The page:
• db8688

    I have been using OVCO (Organic Virgin Cococut Oil ) For about 3 years. I very rarely use it for cooking or as a supplement due to the extremely high calorie count plus the fact that you need to consume 3-4 servings per day to have an impact on your health. That’s a minimum of 390 calories per day! I do use it as an oral rinse, I was using it as a moisturizer but found after about a year that it wasn’t dong the trick. I started mixing it with one of my favorite lotions when applying and that works wonders. I also add it to my sunscreen and I’ve recently created a Coco-Shea blend to use as a summer sunscreen/moisturizer. I smooth a small amount through my hair when I’m going to be out in the sun as an added conditioner. AND I use it daily as a makeup remover.

  • DrexelLake

    It’s a great natural lube too.

    • Anon

      Only use rectally. Used vaginally can cause complications.

  • Elaine Herlan

    I always use it for sauteeing, since it takes the heat without breaking down (as olive oil does). Use it to replace part of the butter in baked goods. Tastes great!

  • Olivia

    I use it on my hair,skin, and in the kitchen

  • I “wash” my face with it every night in the shower before using my regular facewash. While I’ve never struggled with bad skin, I have always had a lot of blackheads. Since starting with the coconut oil, I hardly get any clogged pores/blackheads anymore! I also use it in place of shaving cream when shaving my legs and underarms.

  • Bingo77

    I mix 1:1 with baking soda, add a few drops of lavender and lemon essential oils and use it in place of deodorant.

  • Rael Marie

    Grew up in the Caribbean, we made our own coconut oil fresh.

  • Denise

    My secret ingredient in cookies and cakes! Makes all baked goods delicious.

  • Joy

    I had my husband purchase the Virgin Coconut oil about a month ago and we both love the mild taste. He uses it when make his morning shakes and I use about a table spoon along with a table spoon olive oil when making my salad dressings. Turn out really tasty.

  • Tracey Brown

    People, if u click on the link to the research, it says ‘Conclusion: Current evidence does not clearly support cardiovascular guidelines that encourage high consumption of polyunsaturated fatty acids and low consumption of total saturated fats.’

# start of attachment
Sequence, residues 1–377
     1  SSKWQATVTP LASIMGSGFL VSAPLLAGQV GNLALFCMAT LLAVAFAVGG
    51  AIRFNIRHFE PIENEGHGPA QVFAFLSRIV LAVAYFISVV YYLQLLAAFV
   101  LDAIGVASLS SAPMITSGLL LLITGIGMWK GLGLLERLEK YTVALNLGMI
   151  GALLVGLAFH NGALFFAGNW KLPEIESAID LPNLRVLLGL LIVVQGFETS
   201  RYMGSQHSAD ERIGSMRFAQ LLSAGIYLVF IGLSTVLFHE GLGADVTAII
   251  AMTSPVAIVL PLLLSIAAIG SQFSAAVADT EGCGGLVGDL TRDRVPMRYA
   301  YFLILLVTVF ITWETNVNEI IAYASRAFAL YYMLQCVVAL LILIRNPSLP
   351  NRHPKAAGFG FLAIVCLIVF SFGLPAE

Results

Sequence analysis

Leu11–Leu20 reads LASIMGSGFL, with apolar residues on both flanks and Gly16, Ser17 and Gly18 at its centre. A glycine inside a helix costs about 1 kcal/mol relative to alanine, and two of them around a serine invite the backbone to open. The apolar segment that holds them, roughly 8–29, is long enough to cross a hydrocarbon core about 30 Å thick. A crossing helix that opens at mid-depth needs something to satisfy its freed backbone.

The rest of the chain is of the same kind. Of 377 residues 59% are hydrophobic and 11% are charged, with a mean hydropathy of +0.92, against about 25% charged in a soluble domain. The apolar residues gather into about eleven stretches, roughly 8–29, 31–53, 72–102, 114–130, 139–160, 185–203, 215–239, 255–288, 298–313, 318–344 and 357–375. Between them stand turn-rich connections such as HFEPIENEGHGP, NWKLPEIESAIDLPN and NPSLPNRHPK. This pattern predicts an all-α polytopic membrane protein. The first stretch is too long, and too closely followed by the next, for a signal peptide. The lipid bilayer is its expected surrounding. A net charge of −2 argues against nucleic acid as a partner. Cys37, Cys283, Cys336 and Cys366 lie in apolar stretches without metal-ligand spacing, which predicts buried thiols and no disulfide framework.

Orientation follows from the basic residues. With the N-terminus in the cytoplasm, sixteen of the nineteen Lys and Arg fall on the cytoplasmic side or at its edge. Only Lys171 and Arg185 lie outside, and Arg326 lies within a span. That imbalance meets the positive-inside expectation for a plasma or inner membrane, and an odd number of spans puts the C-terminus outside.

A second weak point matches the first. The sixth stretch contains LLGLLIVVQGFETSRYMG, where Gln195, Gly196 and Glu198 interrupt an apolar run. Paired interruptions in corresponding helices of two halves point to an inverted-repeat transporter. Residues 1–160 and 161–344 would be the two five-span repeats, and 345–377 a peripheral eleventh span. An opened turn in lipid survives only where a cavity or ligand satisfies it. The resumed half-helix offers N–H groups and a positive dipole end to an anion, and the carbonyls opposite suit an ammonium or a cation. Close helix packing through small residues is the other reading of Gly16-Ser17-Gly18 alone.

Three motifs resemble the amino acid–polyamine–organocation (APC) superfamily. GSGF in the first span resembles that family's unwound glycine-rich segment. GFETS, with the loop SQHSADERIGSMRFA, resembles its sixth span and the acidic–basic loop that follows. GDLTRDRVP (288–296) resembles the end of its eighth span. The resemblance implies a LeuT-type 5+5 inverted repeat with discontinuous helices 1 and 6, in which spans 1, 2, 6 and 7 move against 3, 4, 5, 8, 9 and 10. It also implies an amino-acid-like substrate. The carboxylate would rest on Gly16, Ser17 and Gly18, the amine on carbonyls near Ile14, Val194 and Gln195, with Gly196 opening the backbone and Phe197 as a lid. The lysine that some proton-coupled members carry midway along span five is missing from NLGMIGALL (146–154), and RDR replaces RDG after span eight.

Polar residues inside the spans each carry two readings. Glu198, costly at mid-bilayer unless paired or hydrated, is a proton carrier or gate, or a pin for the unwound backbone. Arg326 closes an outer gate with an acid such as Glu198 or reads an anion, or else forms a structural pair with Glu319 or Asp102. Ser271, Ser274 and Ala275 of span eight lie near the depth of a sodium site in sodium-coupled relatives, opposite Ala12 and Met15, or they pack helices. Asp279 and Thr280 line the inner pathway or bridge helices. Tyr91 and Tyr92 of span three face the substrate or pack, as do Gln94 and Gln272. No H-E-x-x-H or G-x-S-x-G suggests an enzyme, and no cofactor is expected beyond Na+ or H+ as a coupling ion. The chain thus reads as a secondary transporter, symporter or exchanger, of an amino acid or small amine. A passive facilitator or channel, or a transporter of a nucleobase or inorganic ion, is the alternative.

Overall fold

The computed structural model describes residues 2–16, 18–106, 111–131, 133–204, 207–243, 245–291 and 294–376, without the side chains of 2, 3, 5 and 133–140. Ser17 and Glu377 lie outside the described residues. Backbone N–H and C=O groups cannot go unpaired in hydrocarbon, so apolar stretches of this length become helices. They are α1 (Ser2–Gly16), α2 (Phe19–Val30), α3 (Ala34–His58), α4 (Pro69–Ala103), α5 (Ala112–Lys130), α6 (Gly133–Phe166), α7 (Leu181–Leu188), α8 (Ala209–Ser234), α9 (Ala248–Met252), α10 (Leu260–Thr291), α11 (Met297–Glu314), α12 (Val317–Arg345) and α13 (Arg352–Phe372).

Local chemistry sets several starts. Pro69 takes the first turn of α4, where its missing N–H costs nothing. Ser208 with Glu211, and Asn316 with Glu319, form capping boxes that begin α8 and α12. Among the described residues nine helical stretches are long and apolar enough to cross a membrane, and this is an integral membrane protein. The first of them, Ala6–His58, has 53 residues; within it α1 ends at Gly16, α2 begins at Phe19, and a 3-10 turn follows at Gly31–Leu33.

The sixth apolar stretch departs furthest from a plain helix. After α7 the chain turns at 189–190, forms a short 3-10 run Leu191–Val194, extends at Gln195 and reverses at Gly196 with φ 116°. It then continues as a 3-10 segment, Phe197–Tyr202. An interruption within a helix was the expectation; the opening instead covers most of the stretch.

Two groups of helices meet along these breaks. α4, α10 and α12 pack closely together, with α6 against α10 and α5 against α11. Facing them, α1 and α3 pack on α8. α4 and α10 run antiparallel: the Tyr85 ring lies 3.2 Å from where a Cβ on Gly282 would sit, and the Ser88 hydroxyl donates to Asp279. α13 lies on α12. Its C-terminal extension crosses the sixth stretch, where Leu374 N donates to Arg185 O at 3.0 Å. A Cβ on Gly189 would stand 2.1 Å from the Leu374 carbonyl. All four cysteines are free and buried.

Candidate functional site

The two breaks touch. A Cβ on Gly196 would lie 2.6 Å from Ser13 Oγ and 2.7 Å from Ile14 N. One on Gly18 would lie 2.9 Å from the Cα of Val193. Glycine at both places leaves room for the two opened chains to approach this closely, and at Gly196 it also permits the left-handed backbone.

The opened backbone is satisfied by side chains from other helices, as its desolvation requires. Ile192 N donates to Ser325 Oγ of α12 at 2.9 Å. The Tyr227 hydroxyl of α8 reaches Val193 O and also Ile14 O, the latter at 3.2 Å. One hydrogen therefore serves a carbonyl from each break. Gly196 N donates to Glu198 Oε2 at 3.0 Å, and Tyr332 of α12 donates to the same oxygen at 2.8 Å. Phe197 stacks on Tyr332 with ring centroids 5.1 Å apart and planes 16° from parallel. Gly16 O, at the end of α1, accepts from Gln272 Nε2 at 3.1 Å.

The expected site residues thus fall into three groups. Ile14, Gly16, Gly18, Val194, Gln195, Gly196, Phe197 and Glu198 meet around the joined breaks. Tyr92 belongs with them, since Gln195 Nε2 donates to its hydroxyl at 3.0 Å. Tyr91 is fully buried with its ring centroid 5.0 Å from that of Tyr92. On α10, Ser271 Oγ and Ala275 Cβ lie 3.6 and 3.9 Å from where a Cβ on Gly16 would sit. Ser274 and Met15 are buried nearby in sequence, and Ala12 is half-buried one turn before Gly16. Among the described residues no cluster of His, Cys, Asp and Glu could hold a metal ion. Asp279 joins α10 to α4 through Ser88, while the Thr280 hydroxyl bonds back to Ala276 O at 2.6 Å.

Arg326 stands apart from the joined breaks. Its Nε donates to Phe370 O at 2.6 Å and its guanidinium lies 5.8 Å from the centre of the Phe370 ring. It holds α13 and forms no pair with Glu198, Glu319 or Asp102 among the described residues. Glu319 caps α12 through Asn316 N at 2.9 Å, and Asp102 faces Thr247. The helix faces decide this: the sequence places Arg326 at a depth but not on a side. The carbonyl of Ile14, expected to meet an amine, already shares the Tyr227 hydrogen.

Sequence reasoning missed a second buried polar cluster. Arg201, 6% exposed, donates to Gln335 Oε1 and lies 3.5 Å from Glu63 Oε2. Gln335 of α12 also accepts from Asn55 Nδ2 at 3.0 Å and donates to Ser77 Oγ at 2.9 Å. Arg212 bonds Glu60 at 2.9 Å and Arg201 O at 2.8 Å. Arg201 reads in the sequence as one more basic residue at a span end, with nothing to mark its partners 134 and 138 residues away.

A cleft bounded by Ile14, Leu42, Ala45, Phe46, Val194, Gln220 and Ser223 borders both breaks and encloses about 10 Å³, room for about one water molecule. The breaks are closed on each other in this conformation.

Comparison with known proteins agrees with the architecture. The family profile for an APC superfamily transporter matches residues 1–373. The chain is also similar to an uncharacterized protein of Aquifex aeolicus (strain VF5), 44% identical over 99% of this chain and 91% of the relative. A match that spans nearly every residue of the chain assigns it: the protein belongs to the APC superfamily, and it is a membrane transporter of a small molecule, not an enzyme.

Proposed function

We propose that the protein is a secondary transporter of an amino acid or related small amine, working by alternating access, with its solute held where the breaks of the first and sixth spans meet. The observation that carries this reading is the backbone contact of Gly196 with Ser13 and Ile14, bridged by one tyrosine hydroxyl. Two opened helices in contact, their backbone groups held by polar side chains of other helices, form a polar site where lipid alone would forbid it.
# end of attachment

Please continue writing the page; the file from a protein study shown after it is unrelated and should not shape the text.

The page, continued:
• patstar5

    I always use coconut oil when I scramble eggs or cook grilled cheese. Very tasty, and it has many benefits. Please by virgin coconut oil! Not refined! Refined is bad for you! If it doesn’t smell like coconut then it isn’t virgin coconut oil. I bought mine from Sam’s club

  • judith

    Coconut oil is brilliant for your mouth, try using some with bicarbonate of soda for a month and see how white your teeth get. Also it is good for ‘pulling’. Used regularly it will decrease the need for so many visits to the dentist

  • Debbie

    I use it to cook my eggs and then pour the oil and eggs over a whole grain English muffin. It is so good. And no butter.

  • Carmen

    I mix in a little with my lipstick to keep my lips moist and it works as a lip gloss

  • Flightmedick

    MCT oil for salad dressing, along w/ olive & avocado oil

  • laura

    Coconut oil is great for your skin but oil is refinded fat so it’s terrible for your body

  • LaurieP

    I use it to pop popcorn. So yummy!

  • Amanda Browning

    I use coconut oil in place of shortening in my pie crusts. It’s delicious! I also use it in any baked goods that call for vegetable oil or shortening. And it makes my granola taste great!

  • Vicki

    I was taking high levels of vitamin D but blood tests always came up low. My Dr. recommend adding a bit to my breakfast fruit smoothie. A bit of fat helps your body absorb supplements. BT numbers are better now. I also rub a bit though my frizzy hair ends. Cheaper than Argon oil.

  • Casey Berg

    I have recently been trying Bulletproof coffee which has what is called Brain Octane Oil. It is a super concentrated coconut oil. Is this healthy?